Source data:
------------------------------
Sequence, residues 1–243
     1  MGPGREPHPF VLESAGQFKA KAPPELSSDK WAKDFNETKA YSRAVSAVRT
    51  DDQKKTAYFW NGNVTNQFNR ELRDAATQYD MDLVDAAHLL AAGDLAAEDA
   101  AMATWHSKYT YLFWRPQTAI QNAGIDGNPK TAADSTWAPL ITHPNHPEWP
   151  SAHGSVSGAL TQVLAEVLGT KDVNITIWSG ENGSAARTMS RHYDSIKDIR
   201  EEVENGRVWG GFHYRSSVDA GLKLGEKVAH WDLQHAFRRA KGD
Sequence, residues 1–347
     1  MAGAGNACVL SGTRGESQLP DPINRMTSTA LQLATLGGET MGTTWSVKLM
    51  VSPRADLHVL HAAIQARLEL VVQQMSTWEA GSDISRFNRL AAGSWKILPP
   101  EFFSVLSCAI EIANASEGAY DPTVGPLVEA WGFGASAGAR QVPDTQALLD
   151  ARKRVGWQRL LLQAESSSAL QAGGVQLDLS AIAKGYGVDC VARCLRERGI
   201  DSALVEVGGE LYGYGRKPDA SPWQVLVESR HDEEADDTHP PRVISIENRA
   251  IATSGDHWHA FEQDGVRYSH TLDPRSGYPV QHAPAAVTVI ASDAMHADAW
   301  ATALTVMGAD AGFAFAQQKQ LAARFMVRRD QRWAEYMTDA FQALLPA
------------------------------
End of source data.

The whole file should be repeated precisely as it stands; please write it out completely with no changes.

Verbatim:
Sequence, residues 1–243
     1  MGPGREPHPF VLESAGQFKA KAPPELSSDK WAKDFNETKA YSRAVSAVRT
    51  DDQKKTAYFW NGNVTNQFNR ELRDAATQYD MDLVDAAHLL AAGDLAAEDA
   101  AMATWHSKYT YLFWRPQTAI QNAGIDGNPK TAADSTWAPL ITHPNHPEWP
   151  SAHGSVSGAL TQVLAEVLGT KDVNITIWSG ENGSAARTMS RHYDSIKDIR
   201  EEVENGRVWG GFHYRSSVDA GLKLGEKVAH WDLQHAFRRA KGD
Sequence, residues 1–347
     1  MAGAGNACVL SGTRGESQLP DPINRMTSTA LQLATLGGET MGTTWSVKLM
    51  VSPRADLHVL HAAIQARLEL VVQQMSTWEA GSDISRFNRL AAGSWKILPP
   101  EFFSVLSCAI EIANASEGAY DPTVGPLVEA WGFGASAGAR QVPDTQALLD
   151  ARKRVGWQRL LLQAESSSAL QAGGVQLDLS AIAKGYGVDC VARCLRERGI
   201  DSALVEVGGE LYGYGRKPDA SPWQVLVESR HDEEADDTHP PRVISIENRA
   251  IATSGDHWHA FEQDGVRYSH TLDPRSGYPV QHAPAAVTVI ASDAMHADAW
   301  ATALTVMGAD AGFAFAQQKQ LAARFMVRRD QRWAEYMTDA FQALLPA